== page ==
Smart strategy to retrieve our relics
Gregory Henderson (1922-1988) was an American diplomat who served at the U.S. Embassy in Korea right after the Korean War. He was fascinated with Korean relics and collected Korean antiques during his stay here.
When he left Seoul in 1963 after six years, he took with him a collection of Korean relics consisting of over 300 pieces.
Most were porcelain relics from the Gaya and Silla kingdoms, Goryo celadon and Joseon white porcelain.
He kept a work of calligraphy done by Prince Anpyeong of the Joseon Dynasty, a master calligrapher, in his study and a big Goryeo Buddha painting hung above a fireplace in his drawing room.
After his death, his wife donated 150 pieces of Korean porcelain to the Harvard Art Museum.
Opinions on the Henderson collection are divided.
Some believe Henderson was an art lover who saved Korean relics that may have been destroyed during the Korean War. Others believe he used his diplomatic status to take Korean cultural properties and that what he did was no different from an act of theft.
When Henderson took the collection home, the law prohibiting the removal of cultural assets from Korean territory was very loose.
Under the Cultural Properties Protection Law of 1962, cultural assets designated by the government as treasures were often smuggled out of the country.
It is difficult to expect that anything separated from its owner will return on its own. If, however, we are going to reclaim cultural relics that are no longer in our possession, we must be very smart about our approach.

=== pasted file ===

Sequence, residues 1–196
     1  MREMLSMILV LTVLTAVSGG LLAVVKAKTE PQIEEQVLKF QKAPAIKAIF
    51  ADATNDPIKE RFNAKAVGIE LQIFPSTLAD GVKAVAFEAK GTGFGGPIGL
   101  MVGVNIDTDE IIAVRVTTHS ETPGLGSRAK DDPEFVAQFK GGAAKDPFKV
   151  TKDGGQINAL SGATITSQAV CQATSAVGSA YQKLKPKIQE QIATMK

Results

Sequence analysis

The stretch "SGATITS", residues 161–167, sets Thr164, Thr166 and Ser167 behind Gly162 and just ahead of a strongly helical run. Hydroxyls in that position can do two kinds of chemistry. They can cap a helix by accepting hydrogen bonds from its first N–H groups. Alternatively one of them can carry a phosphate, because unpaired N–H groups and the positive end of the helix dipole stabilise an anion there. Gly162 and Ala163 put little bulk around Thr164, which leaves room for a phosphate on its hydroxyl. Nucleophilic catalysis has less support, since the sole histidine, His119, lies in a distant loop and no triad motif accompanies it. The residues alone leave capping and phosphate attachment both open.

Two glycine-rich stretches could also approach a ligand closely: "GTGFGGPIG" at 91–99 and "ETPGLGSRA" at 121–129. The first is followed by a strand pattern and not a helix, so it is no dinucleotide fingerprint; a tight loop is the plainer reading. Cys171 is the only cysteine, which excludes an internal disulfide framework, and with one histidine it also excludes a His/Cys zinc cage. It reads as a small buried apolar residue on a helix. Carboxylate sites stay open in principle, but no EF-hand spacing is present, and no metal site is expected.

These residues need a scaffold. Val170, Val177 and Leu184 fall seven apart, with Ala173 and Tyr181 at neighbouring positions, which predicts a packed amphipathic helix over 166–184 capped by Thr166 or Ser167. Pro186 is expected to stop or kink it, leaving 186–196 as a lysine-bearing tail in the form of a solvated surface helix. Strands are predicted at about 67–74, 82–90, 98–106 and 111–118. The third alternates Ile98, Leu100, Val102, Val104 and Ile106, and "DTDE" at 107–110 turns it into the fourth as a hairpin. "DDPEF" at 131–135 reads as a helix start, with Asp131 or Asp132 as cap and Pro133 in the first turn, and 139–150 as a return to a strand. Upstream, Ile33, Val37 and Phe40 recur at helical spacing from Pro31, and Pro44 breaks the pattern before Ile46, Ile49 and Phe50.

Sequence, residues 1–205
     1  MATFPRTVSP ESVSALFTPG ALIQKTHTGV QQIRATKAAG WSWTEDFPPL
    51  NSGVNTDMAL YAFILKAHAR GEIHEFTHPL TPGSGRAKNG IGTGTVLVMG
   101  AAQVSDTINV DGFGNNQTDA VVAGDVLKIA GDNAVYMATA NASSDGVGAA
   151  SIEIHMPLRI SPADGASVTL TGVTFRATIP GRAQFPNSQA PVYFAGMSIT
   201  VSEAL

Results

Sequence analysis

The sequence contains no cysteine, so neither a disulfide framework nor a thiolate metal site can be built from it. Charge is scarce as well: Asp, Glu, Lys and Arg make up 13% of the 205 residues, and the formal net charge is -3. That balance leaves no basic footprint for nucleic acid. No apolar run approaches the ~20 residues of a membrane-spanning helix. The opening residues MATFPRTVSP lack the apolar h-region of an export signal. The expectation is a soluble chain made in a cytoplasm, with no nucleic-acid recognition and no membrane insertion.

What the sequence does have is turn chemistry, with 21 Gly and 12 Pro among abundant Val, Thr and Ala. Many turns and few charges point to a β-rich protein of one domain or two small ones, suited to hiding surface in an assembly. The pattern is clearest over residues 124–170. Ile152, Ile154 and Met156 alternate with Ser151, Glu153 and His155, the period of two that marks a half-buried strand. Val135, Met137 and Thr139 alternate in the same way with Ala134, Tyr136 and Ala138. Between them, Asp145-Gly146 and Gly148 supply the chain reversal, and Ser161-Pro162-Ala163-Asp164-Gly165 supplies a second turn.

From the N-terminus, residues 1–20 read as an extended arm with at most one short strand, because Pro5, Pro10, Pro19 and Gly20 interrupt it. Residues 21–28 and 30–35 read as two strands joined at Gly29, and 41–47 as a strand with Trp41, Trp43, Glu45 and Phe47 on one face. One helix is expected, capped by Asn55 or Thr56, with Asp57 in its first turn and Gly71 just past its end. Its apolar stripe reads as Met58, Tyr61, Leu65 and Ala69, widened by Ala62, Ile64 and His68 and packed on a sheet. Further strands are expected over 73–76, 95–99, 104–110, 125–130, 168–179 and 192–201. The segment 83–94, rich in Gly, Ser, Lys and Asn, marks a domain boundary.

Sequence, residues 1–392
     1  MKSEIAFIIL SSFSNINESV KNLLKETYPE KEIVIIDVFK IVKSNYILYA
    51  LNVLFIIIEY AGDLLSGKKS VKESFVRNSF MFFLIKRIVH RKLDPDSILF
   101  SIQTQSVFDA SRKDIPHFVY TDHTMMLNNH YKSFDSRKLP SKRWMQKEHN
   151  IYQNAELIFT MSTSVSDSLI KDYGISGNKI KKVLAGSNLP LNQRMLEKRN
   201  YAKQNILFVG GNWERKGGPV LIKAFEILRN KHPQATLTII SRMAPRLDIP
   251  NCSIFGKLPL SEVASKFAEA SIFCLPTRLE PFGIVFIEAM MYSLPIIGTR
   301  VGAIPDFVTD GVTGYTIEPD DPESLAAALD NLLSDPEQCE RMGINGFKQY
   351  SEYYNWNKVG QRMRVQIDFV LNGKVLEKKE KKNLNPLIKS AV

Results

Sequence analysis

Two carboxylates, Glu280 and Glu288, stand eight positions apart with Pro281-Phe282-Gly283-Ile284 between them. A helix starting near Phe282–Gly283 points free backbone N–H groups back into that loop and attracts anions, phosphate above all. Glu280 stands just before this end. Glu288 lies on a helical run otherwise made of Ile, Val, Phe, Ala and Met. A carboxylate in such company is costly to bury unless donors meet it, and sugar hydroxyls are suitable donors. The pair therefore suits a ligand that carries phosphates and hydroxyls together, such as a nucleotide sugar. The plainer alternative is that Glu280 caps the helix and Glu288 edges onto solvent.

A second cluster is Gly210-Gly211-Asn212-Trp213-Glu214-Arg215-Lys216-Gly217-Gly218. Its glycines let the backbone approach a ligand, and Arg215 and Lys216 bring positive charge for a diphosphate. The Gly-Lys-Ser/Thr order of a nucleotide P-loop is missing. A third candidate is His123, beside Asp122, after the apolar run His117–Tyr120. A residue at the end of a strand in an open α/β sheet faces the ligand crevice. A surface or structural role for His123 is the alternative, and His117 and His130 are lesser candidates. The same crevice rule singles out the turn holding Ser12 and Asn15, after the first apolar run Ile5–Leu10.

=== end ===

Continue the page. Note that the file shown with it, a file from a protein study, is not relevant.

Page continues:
In 2007, the J. Paul Getty Museum in the United States returned 40 artifacts, including a statue of the goddess Venus, to Italy, but only after the Italian government indicted Marion True, the museum’s head curator, on criminal charges of trafficking in stolen antiquities.
Offensives were launched from all directions.
The prosecuting attorney threatened the museum by saying, “We have evidence that we can use to make the museum repository empty.” The Italian culture minister said it would suspend all cultural cooperation with the Getty. The museum had no choice but to surrender.
The Italians did not, however, treat the Getty strictly as a thief. They used a two-pronged approach that attracted international attention. The Italians rewarded the museum for returning the relics by loaning some of the pieces back to the museum on a long-term basis.
The museum, for its part, demonstrated it had learned a lesson when, that same year, they returned a golden wreath requested by Greece.
Korea’s efforts to reclaim from France the ancient books known as “Uigwe: The Royal Protocols of the Joseon Dynasty” have run aground once again.
I wonder whether the Korean government has a clever strategy that will help it gain the support of the international community so that it can retrieve this national treasure.
*The writer is a culture and sports reporter of the JoongAng Ilbo.
By Ki Sun-min